I stared in disbelief at the piles of white trash bags that sneered in the shadows of the kitchen.  Playing cards to decide who takes out the garbage?  I thought we were talking about being ripped apart by vicious great white sharks.  Not great white trash bags.  As I numbly followed my brother out the porthole—which was actually a very normal front door—his words brought me back to reality.

I wasn’t on safari—I was on a school bus, surrounded by obnoxious children, not tourists. We hadn’t hit an aardvark, only a squirrel.  But still, I remembered trying to save the poor thing. It was a hopeless cause, and it had gotten me teased by the neighborhood bullies (not aardvark-loving cannibals).  And my big brother had come and saved me, only to demand that I do his chores in return unless I beat him at cards.

A warm body shuffled against my legs.  Steve, our pet dog.

I put the saber—oops, kitchen knife—away and grabbed some groceries out of Mom’s car (not a passing ship).  "Sorry Mom."

"Lost in daydreams again?"

I sighed.  "I thought this one was a real adventure.  I’m kind of getting tired of it always being normal life and remembering that I only imagine these adventures for myself."

Mom stopped, put down the paper bag of cabbage and buttermilk.  (Mom was not known for her amazing cooking skills, which was why our after-school snack, although not aardvark, was also not very good.)  She took my chin in her hand.  "Alice, honey, those adventures are just as real as ‘normal’ life.  You imagine them clearly right?"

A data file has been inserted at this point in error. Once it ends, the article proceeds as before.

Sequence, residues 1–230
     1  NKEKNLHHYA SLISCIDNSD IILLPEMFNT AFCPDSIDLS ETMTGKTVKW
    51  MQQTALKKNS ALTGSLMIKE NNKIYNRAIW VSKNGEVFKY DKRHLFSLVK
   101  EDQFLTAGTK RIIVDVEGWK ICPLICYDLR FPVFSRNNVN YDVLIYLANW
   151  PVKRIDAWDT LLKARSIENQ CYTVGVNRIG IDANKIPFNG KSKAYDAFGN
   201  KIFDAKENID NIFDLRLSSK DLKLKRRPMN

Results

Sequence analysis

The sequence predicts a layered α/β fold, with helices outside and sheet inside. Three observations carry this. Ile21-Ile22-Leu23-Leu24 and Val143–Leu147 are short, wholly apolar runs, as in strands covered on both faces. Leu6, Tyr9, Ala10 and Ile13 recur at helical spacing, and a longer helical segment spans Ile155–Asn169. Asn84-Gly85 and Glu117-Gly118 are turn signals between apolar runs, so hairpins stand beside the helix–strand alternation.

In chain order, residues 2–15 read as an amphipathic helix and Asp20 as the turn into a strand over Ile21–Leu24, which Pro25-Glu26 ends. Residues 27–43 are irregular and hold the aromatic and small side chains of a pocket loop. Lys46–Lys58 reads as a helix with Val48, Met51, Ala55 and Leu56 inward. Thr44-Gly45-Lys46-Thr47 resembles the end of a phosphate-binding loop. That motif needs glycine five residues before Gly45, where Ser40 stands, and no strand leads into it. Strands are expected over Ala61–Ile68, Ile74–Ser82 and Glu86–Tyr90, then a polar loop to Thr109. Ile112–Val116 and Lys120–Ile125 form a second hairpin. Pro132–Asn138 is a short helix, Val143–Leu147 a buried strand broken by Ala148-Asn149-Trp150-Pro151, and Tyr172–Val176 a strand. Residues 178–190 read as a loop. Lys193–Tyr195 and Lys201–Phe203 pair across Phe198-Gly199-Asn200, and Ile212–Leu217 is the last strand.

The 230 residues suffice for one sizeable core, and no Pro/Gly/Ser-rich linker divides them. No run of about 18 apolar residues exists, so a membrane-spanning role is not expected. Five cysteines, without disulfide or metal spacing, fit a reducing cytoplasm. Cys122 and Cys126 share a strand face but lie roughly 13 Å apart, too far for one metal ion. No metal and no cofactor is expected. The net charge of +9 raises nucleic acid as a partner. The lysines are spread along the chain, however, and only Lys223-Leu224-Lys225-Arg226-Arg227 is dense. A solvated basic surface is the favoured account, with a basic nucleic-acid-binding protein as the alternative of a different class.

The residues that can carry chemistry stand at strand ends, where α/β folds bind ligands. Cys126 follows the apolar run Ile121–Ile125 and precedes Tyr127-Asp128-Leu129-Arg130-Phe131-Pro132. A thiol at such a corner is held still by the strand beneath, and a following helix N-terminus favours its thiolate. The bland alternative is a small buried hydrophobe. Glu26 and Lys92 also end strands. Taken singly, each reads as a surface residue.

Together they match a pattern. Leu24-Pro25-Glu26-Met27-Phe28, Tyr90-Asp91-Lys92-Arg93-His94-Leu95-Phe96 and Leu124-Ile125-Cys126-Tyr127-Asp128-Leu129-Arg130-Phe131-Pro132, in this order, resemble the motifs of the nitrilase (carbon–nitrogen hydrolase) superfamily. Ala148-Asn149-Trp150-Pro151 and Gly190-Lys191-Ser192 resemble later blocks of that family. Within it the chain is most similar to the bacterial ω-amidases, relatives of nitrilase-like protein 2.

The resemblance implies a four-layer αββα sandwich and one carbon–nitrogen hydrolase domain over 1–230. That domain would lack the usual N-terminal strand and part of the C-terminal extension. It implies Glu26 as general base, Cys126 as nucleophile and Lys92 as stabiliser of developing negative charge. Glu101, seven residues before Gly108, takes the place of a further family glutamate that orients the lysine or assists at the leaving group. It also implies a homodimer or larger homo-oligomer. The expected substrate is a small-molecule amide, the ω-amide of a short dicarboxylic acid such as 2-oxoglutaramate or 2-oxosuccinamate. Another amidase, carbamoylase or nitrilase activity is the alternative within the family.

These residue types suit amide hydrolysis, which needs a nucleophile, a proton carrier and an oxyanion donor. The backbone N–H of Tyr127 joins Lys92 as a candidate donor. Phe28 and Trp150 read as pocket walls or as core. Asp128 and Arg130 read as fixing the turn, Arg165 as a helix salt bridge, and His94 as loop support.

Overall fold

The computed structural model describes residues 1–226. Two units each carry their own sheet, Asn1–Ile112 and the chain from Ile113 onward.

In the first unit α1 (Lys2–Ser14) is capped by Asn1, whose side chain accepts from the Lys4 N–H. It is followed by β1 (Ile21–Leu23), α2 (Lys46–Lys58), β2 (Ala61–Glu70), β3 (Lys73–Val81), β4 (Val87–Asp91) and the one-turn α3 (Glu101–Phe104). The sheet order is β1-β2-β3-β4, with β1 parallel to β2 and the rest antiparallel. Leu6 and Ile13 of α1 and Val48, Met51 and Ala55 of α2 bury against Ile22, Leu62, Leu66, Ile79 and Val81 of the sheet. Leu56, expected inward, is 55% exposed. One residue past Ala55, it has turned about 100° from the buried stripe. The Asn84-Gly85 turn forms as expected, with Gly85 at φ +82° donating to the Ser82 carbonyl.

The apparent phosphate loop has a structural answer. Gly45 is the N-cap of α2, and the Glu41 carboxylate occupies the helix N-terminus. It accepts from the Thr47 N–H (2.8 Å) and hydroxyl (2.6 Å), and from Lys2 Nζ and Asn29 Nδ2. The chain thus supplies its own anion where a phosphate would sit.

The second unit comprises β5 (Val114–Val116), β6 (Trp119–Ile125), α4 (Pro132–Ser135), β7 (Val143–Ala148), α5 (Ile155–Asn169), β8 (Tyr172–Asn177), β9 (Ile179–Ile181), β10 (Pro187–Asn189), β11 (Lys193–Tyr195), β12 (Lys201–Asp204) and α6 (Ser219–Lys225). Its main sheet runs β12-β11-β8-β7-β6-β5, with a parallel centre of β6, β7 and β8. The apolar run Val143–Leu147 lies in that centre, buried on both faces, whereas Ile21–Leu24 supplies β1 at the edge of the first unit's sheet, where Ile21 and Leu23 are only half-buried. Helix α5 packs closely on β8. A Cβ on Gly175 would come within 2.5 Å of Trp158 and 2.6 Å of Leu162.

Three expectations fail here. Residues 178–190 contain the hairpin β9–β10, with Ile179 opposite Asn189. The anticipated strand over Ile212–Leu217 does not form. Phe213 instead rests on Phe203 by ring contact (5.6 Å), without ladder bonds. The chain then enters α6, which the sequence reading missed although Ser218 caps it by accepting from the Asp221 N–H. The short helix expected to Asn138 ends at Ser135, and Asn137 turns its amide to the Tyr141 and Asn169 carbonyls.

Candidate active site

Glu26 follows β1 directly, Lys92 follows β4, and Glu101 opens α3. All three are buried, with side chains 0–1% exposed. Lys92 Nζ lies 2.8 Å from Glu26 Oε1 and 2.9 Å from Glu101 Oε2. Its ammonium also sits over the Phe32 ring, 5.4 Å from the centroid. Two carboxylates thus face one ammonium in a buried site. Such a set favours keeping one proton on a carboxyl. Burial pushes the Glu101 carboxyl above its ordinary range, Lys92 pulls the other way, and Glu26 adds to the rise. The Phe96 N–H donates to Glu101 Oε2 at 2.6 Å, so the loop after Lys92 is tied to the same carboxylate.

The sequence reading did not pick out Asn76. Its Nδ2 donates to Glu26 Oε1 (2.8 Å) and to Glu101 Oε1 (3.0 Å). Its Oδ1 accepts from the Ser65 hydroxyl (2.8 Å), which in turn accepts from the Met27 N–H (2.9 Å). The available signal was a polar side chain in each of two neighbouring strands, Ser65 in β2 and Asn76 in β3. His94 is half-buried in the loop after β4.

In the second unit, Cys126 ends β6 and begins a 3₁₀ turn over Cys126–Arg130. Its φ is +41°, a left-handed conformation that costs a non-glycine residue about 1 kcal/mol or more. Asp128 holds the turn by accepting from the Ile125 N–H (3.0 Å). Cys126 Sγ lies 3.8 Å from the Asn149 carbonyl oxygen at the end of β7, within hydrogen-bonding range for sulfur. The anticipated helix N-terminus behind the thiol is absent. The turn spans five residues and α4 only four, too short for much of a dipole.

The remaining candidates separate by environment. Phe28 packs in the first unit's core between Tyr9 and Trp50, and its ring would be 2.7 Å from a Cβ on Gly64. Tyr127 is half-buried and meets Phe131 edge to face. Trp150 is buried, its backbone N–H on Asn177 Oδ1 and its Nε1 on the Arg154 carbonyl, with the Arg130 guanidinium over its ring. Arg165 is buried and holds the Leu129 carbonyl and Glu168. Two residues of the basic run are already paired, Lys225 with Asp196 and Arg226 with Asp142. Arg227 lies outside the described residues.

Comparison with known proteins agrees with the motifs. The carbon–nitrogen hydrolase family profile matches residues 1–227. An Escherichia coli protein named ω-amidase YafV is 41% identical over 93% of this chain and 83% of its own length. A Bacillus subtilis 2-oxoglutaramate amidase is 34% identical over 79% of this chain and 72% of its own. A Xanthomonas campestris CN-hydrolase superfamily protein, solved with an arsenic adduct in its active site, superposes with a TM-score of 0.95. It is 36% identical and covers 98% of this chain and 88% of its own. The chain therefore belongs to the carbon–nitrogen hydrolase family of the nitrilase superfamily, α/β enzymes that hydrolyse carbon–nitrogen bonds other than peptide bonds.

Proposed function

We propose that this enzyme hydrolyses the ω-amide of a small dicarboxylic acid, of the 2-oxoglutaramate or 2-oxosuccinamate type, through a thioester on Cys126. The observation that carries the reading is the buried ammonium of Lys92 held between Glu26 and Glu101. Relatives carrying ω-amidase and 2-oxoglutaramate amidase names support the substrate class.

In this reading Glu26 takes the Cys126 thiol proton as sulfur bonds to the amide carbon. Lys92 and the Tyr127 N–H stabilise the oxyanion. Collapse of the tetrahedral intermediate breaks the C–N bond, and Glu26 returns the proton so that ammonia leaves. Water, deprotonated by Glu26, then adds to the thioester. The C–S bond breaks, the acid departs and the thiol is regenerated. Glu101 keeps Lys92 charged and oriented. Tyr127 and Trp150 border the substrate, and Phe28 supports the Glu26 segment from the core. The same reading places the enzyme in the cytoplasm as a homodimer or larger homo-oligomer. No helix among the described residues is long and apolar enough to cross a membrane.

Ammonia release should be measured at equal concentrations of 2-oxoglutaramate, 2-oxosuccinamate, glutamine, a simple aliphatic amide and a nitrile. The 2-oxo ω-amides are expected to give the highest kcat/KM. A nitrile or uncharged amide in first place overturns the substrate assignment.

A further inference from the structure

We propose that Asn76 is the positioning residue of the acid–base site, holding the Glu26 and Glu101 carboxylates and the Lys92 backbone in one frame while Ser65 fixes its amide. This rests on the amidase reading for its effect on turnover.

I nodded.

"And you’re real, right?"


"Your thoughts and dreams are just as real as you are.  I think you have a great imagination…and a great sense of adventure!  What was it this time?"

"Pirates and aardvarks…" I mumbled.  Could I really enjoy my adventures if I knew they weren’t the same kind of real?  They certainly felt real at the time…

"Agent 003, take this important package!"


My brother Dash was nowhere in sight, and neither were the grocery bags.  Instead, a mysterious man dressed all in black was handing me a brown paper package that looked suspiciously like it might be a bomb!  I took it from him and carefully unwrapped it, recovering the ticking bomb inside—it only looked like a cabbage.  That was a disguise.  "I have to get this inside the bunker!" I cried, slamming it inside the fridge.

Maybe imaginary adventures were just as cool after all.  It’s not every day you defeat a nefarious pirate and perform admirably as a super spy.  I grinned at my sidekick, Steve.  "Let’s get out of here, Agent," I said.  "Adventures await."

Written By:   Emily.

Link to Free Writing Contest for Kids